The UK’s radwaste inventory, in common with France, includes the results of an extensive programme of reprocessing spent fuel, leading to a significant amount of carbon-14 being present. This poses a particular risk to a GDF project and increases the need for an effective gas barrier to prevent radioactive methane, amongst other gases, from escaping.  Studies in the Irish Sea have shown that the carbon-14 from Sellafield’s reprocessing activities has been found in marine predators.  The requirement to contain the gases produced by the UK’s radwaste inventory when sealed in a GDF is a further reason that a clay host rock may well be preferable for the UK.

Failure of the NGS to screen out unsuitable geology

We are concerned that CoRWM seems to have reversed its position on screening out areas of unsuitable geology.  You previously supported screening out areas and now in this latest position paper you have switched to oppose it; something which we feel may substantially reduce the value of the geological screening report.

In June 2017 you published document 3341 ‘CoRWM: thirteenth annual report 2016 to 2017’ stating “CoRWM provided advice to RWM that the NGS output should be separated into three parts. The first part would focus on geological information; the second would relate this information to the safety of a GDF and the third would cover the areas that have been screened out from further consideration.” 

And you reiterate this point when you go on to highlight key recommendations “Recommendation 1: National Geological Screening Outputs Part 1 of RWM’s National Geological Screening output should comprise the British Geological Survey’s Technical Information Reports; Part 2 should show the relationship of this information to the safety of a GDF and Part 3 should contain information on areas that have been screened out from further consideration.”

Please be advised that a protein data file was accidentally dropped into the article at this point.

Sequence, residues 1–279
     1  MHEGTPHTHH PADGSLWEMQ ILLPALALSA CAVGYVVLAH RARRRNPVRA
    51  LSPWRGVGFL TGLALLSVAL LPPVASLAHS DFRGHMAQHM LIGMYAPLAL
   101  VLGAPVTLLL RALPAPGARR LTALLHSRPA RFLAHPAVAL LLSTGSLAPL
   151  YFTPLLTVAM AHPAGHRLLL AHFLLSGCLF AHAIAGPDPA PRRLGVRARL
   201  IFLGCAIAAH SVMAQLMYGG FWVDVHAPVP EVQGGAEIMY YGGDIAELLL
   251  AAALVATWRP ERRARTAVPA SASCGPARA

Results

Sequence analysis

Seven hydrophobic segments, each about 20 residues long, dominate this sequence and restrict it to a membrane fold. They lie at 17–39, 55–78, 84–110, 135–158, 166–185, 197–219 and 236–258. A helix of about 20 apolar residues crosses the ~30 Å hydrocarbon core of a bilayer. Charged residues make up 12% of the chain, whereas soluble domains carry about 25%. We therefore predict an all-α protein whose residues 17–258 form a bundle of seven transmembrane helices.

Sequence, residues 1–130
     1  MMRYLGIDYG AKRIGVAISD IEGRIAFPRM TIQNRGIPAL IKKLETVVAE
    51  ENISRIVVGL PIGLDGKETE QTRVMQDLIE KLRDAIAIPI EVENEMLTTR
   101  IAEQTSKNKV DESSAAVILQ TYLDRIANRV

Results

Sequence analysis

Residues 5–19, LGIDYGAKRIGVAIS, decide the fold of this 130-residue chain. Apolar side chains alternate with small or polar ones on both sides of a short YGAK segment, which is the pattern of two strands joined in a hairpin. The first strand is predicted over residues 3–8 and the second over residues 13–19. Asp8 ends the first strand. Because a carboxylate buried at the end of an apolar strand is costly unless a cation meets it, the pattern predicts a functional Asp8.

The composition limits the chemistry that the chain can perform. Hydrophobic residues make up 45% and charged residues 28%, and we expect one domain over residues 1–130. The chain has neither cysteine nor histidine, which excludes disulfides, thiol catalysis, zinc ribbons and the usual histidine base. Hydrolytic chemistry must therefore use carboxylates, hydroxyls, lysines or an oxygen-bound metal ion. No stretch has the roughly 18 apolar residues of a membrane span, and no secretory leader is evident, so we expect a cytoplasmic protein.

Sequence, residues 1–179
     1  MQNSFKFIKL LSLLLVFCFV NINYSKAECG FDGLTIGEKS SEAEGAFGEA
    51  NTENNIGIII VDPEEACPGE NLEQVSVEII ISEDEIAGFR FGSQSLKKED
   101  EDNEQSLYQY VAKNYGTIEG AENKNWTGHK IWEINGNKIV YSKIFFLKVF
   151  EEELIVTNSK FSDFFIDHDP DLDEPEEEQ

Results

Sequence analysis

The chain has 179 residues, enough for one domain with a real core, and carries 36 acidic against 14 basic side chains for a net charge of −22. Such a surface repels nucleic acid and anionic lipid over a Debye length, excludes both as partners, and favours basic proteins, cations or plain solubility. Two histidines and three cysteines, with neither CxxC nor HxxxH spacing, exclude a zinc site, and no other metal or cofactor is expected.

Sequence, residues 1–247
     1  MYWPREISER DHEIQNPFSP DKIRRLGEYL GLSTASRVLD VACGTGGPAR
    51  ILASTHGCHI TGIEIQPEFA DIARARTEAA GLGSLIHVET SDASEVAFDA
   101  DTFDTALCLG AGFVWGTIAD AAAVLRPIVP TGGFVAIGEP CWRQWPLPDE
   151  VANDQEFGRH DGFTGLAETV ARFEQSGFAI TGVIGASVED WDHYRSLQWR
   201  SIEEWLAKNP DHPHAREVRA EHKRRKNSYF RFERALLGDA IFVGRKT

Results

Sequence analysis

Why has CoRWM now changed its view in this way?  This change is likely to increase the chances that mistakes of the past are repeated.  A screening report which is watered-down to such an extent that it no longer screens out any areas is of very limited use, if any.

The independence of CoRWM

While Cumbria Trust supports the principle of an independent committee to scrutinise the approach taken by RWM and BEIS, this latest change of view brings into question CoRWM’s independence. We have previously highlighted the public misuse of a MORI poll by one of your former members, which created a highly misleading view of the reasons behind the failure of the MRWS process. A committee which tells a government department what it wants to hear is not merely pointless; it’s potentially dangerous, since BEIS uses CoRWM’s stance to validate their own position.

We recognise that CoRWM has over the past decade and a half been a positive influence at times, but genuine independence is the key to this.  With a history of poor decision making on management of nuclear waste going back many decades, the last thing the government needs is an echo chamber.  CoRWM must feel able to openly disagree with BEIS and RWM if it is to help shape the process and ensure that past failures are not repeated.

Yours sincerely

Geoff Betsworth (Chairman)

Cumbria Trust